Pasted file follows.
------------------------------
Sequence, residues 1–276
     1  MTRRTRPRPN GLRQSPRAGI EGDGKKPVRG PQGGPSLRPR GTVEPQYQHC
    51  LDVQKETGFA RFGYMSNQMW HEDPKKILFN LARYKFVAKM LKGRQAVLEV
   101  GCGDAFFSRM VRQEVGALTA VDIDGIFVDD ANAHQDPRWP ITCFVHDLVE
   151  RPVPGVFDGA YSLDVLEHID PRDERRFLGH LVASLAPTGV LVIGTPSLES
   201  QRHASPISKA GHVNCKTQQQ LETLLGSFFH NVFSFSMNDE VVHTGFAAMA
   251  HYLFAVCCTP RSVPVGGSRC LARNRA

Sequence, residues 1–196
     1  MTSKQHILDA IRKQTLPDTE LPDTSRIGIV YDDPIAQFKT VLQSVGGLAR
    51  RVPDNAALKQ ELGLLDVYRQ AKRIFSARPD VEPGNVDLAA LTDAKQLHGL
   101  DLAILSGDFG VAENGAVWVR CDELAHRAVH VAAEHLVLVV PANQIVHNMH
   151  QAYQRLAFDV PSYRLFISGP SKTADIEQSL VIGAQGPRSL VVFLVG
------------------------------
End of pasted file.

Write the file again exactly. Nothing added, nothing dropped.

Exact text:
Sequence, residues 1–276
     1  MTRRTRPRPN GLRQSPRAGI EGDGKKPVRG PQGGPSLRPR GTVEPQYQHC
    51  LDVQKETGFA RFGYMSNQMW HEDPKKILFN LARYKFVAKM LKGRQAVLEV
   101  GCGDAFFSRM VRQEVGALTA VDIDGIFVDD ANAHQDPRWP ITCFVHDLVE
   151  RPVPGVFDGA YSLDVLEHID PRDERRFLGH LVASLAPTGV LVIGTPSLES
   201  QRHASPISKA GHVNCKTQQQ LETLLGSFFH NVFSFSMNDE VVHTGFAAMA
   251  HYLFAVCCTP RSVPVGGSRC LARNRA

Sequence, residues 1–196
     1  MTSKQHILDA IRKQTLPDTE LPDTSRIGIV YDDPIAQFKT VLQSVGGLAR
    51  RVPDNAALKQ ELGLLDVYRQ AKRIFSARPD VEPGNVDLAA LTDAKQLHGL
   101  DLAILSGDFG VAENGAVWVR CDELAHRAVH VAAEHLVLVV PANQIVHNMH
   151  QAYQRLAFDV PSYRLFISGP SKTADIEQSL VIGAQGPRSL VVFLVG